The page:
and improving understanding: The Management of Semantics for Geospatial
is the wisdom we have lost in knowledge? Where is the knowledge we
have lost in information? --T.S. Eliot, The Rock, 1934.
of geospatial information is constructed, shaped and changed by the
interaction of people and systems. But this interaction is not captured,
and information becomes separated from the context by which it is
given meaning. Information is often constructed incrementally, with
successive communities or individuals adding to or modifying meaning
through a series of different processes. Those not directly involved
in the creation or uncovering of information may not share in this
evolving schema fully, neither is its essence conveyed in the existing
data models of the systems in which the information resides.
proposes a novel research program to establish a semantic framework
for managing the meaning associated with geospatial information. The
framework will describe the content and various transformations that
the geospatial information undergoes, thereby facilitating better
understanding, improving communication and promoting best practice
in bringing geospatial information to bear. The development of such
a framework is described, along with associated rules and knowledge
structures to oversee the transformation and interpretation processes.
A design for such a framework is outlined. A visual interface to the
semantic framework is also proposed, so that its content and meaning
are accessible in a form that is readily assimilated. The resulting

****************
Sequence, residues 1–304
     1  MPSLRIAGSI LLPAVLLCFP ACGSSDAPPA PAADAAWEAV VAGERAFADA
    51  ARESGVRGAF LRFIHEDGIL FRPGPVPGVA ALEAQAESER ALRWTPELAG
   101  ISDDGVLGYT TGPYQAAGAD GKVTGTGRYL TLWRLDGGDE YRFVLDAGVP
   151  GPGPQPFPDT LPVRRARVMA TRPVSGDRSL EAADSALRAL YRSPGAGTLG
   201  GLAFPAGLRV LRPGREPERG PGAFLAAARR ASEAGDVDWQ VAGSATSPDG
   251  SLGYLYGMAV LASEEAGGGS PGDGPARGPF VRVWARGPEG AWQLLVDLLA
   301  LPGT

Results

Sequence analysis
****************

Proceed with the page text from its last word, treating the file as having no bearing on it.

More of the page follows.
semantically-enriched geospatial infrastructure will improve data
exchange and interoperability between systems, and advance collaboration
between human analysts and information users. The framework will associate
data with an explicit context that describes its meaning, thereby
facilitating its interpretation and application. In short-turning
data into information.
major outcomes are as follows:
A multi-perspective account of the needs for, and uses of, semantically-oriented
geospatial knowledge, with examples drawn from application domains
and real-world problems.
An analysis of the common threads of semantics, conflicts of meaning
and schemata, underlying representational models, assumptions and
constraints that 'color' the application of geospatial data and can
A prototype framework for geospatial semantic representation that
will be represented within a machine as a series of collaborating
agents acting together to oversee workflows and information exchange,
and also within a visualization environment in a graphical form.
Feedback and collaboration with the OGC and specifically their 'Semantics
and Information Community Special Interest Group', thus helping to
shape the international research and development agenda in this area.
Specific case studies to establish proof of concept and generality
of the framework. A team of highly qualified researchers are included
in this proposal, comprising academics from computer science, geographic
information science and geography, an expert in geological interoperability
and the chief scientist of the Open GIS Consortium (OGC).
the abstract to another paper presented at GIScience 2000: The First
International Conference on Geographic Information Science. Univerrsity
of California Regents, Savannah, GA, Oct. 28-31, 2000. Authors: Gahegan,
M., Brodaric, B. and Takatsuka, M.. Designing
a framework to support the semantic interoperability of geospatial